Couple seen on TikTok touching monk seal during Hawaiian vacation are slammed online

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A couple visiting in Hawaii has received backlash after uploading a video to TikTok of the wife touching an endangered monk seal.

Stephen said he and his wife Lakyn were in Kauai after getting married on Maui, the Honolulu Star-Advertiser reported. It was the first time they saw a Hawaiian monk seal and they didn’t know about the laws related to the species, the publication reported.

A video, which was posted to Lakyn’s now-private TikTok account, shows Lakyn touching a monk seal on the beach. The seal then snaps at her, causing Lakyn to scream and run away.

The video, re-uploaded on Instagram, has been viewed more than 42,000 times as of Tuesday afternoon.

Stefanie Gutierrez, spokeswoman of NOAA Fisheries, Pacific Islands Regional Office, told McClatchy News that the NOAA Fisheries Office of Law Enforcement is investigating the incident.

Stephen told the Honolulu Star-Advertiser that NOAA has “assessed an undisclosed fine.”

“We sincerely apologize if we offended any locals. The last thing we want to do is disrespect anyone or anybody’s culture or lifestyle. That’s something we’re really, really sorry about,” Stephen said.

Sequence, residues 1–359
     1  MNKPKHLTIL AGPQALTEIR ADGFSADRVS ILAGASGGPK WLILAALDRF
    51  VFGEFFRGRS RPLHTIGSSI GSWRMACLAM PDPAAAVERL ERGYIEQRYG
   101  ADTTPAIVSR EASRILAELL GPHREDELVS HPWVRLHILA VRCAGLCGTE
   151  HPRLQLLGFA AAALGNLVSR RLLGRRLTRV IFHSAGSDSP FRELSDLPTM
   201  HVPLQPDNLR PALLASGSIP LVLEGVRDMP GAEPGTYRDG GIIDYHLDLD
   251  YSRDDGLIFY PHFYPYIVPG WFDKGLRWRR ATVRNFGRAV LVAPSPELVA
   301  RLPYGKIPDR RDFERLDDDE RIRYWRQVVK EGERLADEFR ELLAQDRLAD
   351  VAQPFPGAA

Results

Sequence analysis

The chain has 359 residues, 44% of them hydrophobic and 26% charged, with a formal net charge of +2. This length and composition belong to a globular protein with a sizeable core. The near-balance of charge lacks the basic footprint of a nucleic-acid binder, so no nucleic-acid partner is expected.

The Hawaiian monk seal is considered one of the world’s most endangered species, according to NOAA Fisheries. Its population is around 1,400, with 300 seals in the main Hawaiian Islands and 1,100 seals in the Northwestern Hawaiian Islands, NOAA Fisheries reports.

The monk seal is protected under the Endangered Species Act, the Marine Mammal Protection Act, and Hawaii state law, according to NOAA Fisheries.

“Intentional harassing,” killing or harming a monk seal is a class C felony and violators could face up to five years in prison and a fine of up to $50,000, Hawaii Magazine reported.

An Alabama man was fined $1,500 in 2018 for touching a monk seal and “harassing a sea turtle” and posting the videos online, according to the Honolulu Star-Advertiser.

In the video posted on Instagram, the man touches a sleeping monk seal, causing it to wake up, before he runs away, the publication reported.

Adam Kurtz, NOAA Fisheries wildlife management coordinator, said that these tourists usually have no ill intent toward the animals, according to the Honolulu Star-Advertiser.

“Violations are usually the result of things like tourists wanting to get a good, close picture with a seal or a thrill-seeker trying to get a rush,” Kurtz said. “But it’s really frustrating when you see people harass these animals.”

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